Processing of Tea
April 2, 2014

Camellia sinensis is an evergreen plant that grows mainly in tropical and subtropical climates. Tea plants are propagated from seed and cutting taking about 4 to 12 years to bear seed and about three years for a new plant to be ready for harvesting. Leaf size is the chief criterion for the classification of tea plants, with three primary classifications being, Assam type, characterized by the largest leaves. Only the top 1–2 inches of the mature plant are picked. These buds and leaves are called flushes. A plant will grow a new flush every seven to fifteen days during the growing season. Leaves that are slow in development tend to produce better-flavored tea

Tea may be blended with other teas from the same area of cultivation or with teas from several different areas. The aim of blending is to obtain a better taste and fragrance .The innate savor of the dried tea leaves is determined by the type of tea bush, the quality of the plucked tea leaves, and the manner and quality of the production processing they undergo.

The Tea making process

Although each type of tea has different taste, smell, and visual appearance, tea processing for all tea types consists of a very similar set of methods with only minor variations.

  • Plucking: Tea leaves and flushes, which include a terminal bud and two young leaves, are picked from Camellia sinensis bushes typically twice a year during early spring and early summer or late spring. Picking is done by hand and depends on the skill of the picker.
  • Withering/ Wilting: The tea leaves begin to wilt soon after picking, with a gradual onset of enzymatic oxidation. Withering is used to remove excess water from the leaves and allow a very slight amount of oxidation. The leaves can be either put under the sun or left in a cool breezy room to pull moisture out from the leaves.
  • Disruption: The teas are bruised or torn in order to promote and quicken oxidation. The leaves may be lightly bruised on their edges by shaking and tossing which releases some of the leaf juice aiding in oxidation and change in the profile of the tea.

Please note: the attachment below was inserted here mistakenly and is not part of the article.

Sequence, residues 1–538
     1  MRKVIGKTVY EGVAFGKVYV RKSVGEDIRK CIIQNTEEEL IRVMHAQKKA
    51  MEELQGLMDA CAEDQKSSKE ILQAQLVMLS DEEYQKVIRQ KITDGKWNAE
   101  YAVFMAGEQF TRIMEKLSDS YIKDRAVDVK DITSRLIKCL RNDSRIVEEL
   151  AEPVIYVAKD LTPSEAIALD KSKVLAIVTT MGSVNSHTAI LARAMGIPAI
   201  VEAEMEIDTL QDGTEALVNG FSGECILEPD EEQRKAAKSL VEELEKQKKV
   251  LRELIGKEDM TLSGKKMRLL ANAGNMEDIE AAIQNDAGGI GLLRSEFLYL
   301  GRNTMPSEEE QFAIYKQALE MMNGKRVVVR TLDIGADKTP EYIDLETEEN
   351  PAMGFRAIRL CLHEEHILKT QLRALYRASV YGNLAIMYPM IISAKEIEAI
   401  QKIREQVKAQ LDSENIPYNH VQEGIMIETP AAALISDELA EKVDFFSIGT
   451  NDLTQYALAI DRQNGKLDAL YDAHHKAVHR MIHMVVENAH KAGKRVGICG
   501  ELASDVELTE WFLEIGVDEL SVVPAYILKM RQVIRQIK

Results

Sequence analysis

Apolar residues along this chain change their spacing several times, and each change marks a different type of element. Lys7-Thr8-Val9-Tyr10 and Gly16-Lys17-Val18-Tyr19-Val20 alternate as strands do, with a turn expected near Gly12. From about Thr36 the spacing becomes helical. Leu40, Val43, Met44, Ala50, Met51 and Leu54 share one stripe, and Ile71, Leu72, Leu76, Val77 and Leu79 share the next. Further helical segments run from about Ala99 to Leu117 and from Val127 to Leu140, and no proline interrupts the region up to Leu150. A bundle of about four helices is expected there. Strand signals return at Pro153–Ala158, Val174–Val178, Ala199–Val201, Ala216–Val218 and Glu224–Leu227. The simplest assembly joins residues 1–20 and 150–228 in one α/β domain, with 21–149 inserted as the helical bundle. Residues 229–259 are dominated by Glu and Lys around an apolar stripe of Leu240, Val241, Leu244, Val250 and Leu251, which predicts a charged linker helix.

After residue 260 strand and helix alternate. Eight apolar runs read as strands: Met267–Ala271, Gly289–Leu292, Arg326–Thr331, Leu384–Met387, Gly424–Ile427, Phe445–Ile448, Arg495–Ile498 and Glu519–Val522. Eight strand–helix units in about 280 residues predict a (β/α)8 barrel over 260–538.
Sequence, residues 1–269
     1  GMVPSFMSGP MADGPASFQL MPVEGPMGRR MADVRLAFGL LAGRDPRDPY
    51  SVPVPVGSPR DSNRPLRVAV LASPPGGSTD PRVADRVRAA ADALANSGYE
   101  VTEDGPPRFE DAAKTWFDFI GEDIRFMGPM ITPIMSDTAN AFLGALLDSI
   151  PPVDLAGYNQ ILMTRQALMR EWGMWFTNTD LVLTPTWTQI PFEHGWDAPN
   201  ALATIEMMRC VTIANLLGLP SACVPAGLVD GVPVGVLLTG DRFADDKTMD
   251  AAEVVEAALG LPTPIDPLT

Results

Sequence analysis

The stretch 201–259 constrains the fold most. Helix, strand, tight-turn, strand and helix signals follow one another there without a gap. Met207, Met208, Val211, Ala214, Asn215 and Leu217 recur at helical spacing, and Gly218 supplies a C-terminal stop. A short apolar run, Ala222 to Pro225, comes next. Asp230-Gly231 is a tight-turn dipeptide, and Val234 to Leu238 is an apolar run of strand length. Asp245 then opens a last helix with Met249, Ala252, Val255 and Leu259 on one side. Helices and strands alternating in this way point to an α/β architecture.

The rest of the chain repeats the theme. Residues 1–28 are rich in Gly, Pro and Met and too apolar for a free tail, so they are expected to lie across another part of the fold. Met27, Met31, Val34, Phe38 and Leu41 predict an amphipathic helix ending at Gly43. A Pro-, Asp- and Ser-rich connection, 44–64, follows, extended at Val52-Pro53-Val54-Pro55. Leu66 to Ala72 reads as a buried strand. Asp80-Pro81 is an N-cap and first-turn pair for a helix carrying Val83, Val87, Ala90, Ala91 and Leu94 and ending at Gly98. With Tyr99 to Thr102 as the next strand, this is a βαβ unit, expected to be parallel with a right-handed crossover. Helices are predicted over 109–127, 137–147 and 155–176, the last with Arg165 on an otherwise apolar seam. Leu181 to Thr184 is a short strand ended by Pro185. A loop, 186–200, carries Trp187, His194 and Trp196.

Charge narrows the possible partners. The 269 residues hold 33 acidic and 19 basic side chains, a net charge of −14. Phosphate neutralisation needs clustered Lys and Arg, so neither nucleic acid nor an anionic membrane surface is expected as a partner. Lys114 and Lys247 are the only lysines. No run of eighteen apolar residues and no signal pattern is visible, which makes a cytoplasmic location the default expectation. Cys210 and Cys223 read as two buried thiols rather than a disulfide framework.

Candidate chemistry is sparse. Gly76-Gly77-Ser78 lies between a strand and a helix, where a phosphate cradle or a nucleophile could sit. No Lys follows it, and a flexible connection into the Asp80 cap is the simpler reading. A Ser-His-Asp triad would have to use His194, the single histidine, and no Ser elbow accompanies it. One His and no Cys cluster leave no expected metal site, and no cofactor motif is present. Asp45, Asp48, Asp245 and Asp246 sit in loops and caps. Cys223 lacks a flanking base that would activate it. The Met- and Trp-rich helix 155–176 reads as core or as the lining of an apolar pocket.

• Oxidation / Fermentation: For teas that require oxidation, the leaves are left on their own in a climate-controlled room where they turn progressively darker. Different degree of oxidation is required for different variety , for example ,light oolong tea 5-40% oxidation is required, in darker oolong tea 60-70%, and in black tea 100% oxidation. Oxidation is highly important in the formation of many taste and aroma compounds,
  • Fixation / Kill-green: Kill-green is done to stop the tea leaf oxidation at a desired level. This process is accomplished by moderately heating tea leaves, thus deactivating their oxidative enzymes and removing unwanted scents in the leaves, without damaging the taste.
  • Sweltering / Yellowing: Unique to yellow teas, warm and damp tea leaves from after kill-green are allowed to be lightly heated in a closed container, which causes the previously green leaves to turn yellow.
  • Rolling / Shaping : The damp tea leaves are then rolled to be formed into wrinkled strips, by hand causing the tea to wrap around itself. This also causes some of the sap, essential oils, and juices inside the leaves to ooze out further enhancing the taste of the tea.
  • Drying: Drying is done to “finish” the tea and can be done in a myriad ways including panning, sunning, air drying, or baking.
  • Aging / Curing: Some teas require additional aging, secondary fermentation, or baking to reach their drinking potential.